Many of the prizes awarded on game shows are provided through product placement; although in some cases, they are provided by private organizations or purchased at either the full price or at a discount by the show. There is the widespread use of "promotional consideration", in which a game show receives a subsidy from an advertiser in return for awarding that manufacturer's product as a prize or consolation prize. Some products supplied by manufacturers may not be intended to be awarded at all, and are instead just used as part of the gameplay (such as the low-priced items used in several Pricing Games of The Price Is Right).
For high-stakes games, a network may purchase prize indemnity insurance to avoid paying the cost of a rare but expensive prize out of pocket. If said prize is won too often, the insurance company may refuse to insure a show (this was a factor in the discontinuation of The Price Is Right $1,000,000 Spectacular series of prime-time specials; three contestants had won the top prize in a five-episode span after fifteen episodes without a winner, due in large part to a change in the rules, and the insurance companies had made it extremely difficult to get further insurance for the remaining episodes). A network or syndicator may also opt to distribute large cash prizes in the form of an annuity, spreading the cost of the prize out over several years or decades.
From about 1960 through the rest of the 20th century, American networks placed restrictions on the amount of money that could be given away on a game show, in an effort to avoid a repeat of the scandals of the 1950s. This usually took the form of an earnings cap that forced a player to retire once they won a certain amount of money or a limit of how many episodes (usually five) a player could appear on a show. The introduction of syndicated games, particularly in the 1980s, eventually allowed for more valuable prizes and extended runs on a particular show. Likewise, British television was under strict regulations, even more strict than those on the American side of the Atlantic Ocean, on prizes until the 1990s; these limits seriously restricted the value of prizes that could be given and did not allow games of chance to have an influence on the outcome of the game (thus the British version of The Price Is Right at first did not include the American version's "Showcase Showdown," in which contestants spun a large wheel to determine who would advance to the Showcase bonus round). The lifting of these restrictions in the 1990s was a major factor in the explosion of high-stakes game shows in the later part of that decade in both the U.S. and Britain (and, subsequently, around the world).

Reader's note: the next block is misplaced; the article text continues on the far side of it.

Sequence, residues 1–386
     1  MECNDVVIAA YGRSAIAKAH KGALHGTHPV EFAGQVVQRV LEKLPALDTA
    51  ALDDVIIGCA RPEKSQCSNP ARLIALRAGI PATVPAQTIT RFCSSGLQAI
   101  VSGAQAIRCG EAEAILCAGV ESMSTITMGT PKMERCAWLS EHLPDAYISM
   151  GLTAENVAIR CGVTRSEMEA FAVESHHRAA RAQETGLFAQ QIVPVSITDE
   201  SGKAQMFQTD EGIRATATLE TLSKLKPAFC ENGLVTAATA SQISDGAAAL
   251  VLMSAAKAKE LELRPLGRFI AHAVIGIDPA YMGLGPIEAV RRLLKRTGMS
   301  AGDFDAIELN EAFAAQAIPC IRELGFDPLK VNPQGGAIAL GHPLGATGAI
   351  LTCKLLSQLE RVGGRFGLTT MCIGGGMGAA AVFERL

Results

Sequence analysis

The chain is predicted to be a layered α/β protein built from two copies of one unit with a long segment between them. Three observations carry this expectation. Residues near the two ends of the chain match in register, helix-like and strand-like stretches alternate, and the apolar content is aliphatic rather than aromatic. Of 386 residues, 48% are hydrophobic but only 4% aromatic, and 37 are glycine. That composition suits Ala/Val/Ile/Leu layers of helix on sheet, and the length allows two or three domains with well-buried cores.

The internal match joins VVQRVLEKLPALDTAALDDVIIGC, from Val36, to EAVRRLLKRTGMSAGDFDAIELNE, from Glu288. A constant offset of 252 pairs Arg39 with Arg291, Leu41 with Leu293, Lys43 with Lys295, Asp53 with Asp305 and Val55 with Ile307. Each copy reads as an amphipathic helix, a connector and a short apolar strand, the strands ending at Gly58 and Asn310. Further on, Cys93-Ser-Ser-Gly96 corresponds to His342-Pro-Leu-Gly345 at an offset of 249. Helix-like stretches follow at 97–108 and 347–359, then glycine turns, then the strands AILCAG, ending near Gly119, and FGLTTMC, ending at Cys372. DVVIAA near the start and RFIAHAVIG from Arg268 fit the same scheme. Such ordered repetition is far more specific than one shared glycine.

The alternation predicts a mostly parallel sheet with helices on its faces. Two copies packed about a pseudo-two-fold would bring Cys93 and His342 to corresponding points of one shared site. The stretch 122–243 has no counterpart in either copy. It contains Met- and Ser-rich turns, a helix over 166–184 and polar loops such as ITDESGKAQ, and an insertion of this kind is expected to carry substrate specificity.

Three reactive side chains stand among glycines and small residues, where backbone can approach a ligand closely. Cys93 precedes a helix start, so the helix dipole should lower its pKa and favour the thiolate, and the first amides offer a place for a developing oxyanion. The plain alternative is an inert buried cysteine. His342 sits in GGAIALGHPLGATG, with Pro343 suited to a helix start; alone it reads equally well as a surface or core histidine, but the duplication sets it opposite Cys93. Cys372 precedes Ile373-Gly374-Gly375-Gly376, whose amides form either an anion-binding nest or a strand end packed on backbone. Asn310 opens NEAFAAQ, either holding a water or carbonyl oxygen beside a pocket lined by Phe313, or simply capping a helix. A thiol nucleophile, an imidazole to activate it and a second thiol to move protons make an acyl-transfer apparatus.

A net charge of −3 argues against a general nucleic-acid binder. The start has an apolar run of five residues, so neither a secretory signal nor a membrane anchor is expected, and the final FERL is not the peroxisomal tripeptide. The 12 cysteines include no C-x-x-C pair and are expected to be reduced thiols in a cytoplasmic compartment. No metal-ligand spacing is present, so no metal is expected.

A bonus round (also known as a bonus game or an end game) usually follows a main game as a bonus to the winner of that game. In the bonus round, the stakes are higher and the game is considered to be tougher.
The game play of a bonus round usually varies from the standard game play of the front game, although there are often borrowed or related elements of the main game in the bonus round in order to ensure the entire show has a unified premise. Though some end games are referred to as "bonus rounds", many are not specifically referred to as such in games, though they fit the same general role.